FWC reminds public how to live with bears in SWFL
People in Southwest Florida have reported bear sightings a bit too close to home, and a state agency is reminding people about how we as humans can continue to live alongside the species present in our backyards.
Florida Fish and Wildlife Conservation Commission says to help prevent conflicts with bears, secure garbage and other items that might attract these animals.
In the fall, Florida black bears are preparing for winter by consuming extra calories to pack on fat. During this time, they will eat anything that’s convenient, and feeding on garbage provides more calories and less effort than foraging in the woods.
A viewer in Ave Maria recently shared video from her Ring doorbell camera that captured a Florida black bear at the front of her home.
Video Credit: Lorena Silisavage.
FWC has tips to keep bears and people at peace during this time:
- Secure household garbage in a sturdy shed, garage or a wildlife-resistant container
- Put household garbage out on the morning of pickup rather than the night before
- Secure commercial garbage in bear-resistant dumpsters
- Protect gardens, bee yards, compost and livestock with electric fencing
- Encourage your homeowner’s association or local government to institute ordinances to require trash be secured from bears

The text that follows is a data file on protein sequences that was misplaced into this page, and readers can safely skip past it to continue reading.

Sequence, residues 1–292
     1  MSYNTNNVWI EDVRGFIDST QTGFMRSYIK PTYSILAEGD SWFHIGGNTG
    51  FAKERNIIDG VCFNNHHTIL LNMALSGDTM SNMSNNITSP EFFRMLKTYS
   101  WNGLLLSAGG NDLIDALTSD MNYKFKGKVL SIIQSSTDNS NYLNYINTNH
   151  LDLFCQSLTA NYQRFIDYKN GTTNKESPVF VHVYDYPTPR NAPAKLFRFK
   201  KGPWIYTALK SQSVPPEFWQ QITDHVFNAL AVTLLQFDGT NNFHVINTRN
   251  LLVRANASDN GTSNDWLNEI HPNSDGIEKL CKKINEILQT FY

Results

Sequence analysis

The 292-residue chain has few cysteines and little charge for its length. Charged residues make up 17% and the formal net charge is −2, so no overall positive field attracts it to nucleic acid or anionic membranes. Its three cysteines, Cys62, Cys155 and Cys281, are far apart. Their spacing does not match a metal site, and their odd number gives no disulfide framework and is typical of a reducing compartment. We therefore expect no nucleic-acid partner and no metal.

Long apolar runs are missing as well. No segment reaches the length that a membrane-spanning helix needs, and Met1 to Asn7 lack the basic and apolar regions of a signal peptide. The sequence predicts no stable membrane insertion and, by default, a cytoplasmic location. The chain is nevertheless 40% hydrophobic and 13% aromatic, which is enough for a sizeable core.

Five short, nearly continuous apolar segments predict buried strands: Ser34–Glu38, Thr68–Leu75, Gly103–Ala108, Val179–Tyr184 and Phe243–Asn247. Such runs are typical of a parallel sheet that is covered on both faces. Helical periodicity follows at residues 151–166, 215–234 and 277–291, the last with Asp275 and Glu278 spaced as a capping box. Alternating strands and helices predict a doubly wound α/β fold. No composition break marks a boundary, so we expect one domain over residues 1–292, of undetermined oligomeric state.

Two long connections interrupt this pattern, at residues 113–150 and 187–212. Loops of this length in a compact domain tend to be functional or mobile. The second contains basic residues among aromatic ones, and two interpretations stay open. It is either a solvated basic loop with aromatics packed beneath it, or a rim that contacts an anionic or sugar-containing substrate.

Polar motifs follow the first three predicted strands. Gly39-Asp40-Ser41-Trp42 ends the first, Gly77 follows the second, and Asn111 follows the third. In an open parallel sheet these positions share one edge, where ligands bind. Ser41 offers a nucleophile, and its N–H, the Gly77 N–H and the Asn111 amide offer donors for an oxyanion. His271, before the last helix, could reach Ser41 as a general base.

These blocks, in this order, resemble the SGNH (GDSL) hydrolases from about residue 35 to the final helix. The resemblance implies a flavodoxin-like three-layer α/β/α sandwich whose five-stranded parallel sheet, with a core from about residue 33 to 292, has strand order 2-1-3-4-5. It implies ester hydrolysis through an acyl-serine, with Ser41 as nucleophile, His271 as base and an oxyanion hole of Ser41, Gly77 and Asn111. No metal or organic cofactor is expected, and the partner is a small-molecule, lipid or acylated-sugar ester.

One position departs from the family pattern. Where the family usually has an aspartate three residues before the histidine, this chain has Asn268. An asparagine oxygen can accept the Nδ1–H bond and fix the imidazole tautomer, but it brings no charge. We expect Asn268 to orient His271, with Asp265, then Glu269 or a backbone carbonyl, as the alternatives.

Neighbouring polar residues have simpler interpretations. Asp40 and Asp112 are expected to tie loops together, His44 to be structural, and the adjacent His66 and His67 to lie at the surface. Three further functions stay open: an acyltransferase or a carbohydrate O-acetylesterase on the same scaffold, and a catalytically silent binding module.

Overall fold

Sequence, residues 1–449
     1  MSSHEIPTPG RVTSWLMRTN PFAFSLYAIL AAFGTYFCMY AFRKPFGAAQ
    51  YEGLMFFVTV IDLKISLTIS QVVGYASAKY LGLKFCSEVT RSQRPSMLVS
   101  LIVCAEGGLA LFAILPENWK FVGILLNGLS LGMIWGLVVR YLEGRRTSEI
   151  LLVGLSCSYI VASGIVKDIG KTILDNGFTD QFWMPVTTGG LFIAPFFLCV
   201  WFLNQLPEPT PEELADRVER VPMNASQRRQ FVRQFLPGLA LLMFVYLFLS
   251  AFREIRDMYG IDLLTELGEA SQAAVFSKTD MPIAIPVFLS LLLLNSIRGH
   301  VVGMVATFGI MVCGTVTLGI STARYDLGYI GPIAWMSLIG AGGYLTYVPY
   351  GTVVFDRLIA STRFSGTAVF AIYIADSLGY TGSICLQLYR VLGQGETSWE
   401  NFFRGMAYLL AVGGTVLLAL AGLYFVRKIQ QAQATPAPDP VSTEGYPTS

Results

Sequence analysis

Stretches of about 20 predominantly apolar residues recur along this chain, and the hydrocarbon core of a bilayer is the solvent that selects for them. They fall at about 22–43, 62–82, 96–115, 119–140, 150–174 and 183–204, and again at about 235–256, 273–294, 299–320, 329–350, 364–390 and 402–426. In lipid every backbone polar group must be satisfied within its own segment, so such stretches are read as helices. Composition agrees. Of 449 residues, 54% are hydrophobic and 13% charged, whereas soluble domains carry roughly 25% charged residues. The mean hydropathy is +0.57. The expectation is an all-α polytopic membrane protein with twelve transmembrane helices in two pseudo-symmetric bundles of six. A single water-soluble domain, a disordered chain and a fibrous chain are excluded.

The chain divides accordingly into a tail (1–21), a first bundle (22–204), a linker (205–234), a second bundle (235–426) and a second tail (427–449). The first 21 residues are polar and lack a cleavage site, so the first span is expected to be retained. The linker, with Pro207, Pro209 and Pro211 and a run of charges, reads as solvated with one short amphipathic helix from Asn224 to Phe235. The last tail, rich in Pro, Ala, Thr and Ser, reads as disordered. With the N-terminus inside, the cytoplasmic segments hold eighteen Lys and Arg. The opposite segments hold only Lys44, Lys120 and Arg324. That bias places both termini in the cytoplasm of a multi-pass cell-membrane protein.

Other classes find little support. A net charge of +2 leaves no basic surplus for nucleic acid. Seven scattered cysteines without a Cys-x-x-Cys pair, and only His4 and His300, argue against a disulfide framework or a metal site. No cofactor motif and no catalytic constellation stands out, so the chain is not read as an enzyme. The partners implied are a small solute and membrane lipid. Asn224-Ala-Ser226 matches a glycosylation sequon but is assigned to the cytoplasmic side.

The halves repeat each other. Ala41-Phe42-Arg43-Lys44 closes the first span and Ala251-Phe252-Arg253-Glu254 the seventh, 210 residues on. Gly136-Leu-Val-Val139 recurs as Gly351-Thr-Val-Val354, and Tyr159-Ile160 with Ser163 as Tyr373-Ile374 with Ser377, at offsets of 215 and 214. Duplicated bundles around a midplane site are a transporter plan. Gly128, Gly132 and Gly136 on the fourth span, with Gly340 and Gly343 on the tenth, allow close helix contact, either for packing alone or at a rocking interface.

- Feed pets indoors or bring the dishes in after feeding
- Clean grills and store them in a secure place
- Pick ripe fruit from trees and remove fallen fruit from the ground
- Remove wildlife and bird feeders, or make them bear-resistant. See the new “Bears and Bird Feeders” video in the in the “Brochures and Videos” section at com/Bear.
It is illegal in Florida to intentionally feed bears or leave out food or garbage that will attract bears and cause human-bear conflicts. Anyone who sees or suspects someone is feeding or attracting bears can call the FWC’s Wildlife Alert Hotline at 888-404-FWCC (3922).
FWC remind people to watch for bears while driving. This time of year, bears are traveling across more roads in search of food, which results in more vehicle-bear collisions. FWC advises drivers to be aware of their surroundings as they drive in bear country, especially around dusk and dawn, and when there is forest on both sides of the road. FWC works with Florida Department of Transportation to post bear crossing signs in areas that receive particularly high levels of vehicle-bear collisions and plan locations for wildlife underpasses to allow bears and other animals to cross safely under roadways. To learn more about how to keep people and bears safe on Florida roadways, see the “Vehicle Collisions with Bears” video at the “Brochures and Videos” section of MyFWC.com/Bear.
Go to MyFWC.com/Bear to learn more about living in bear country.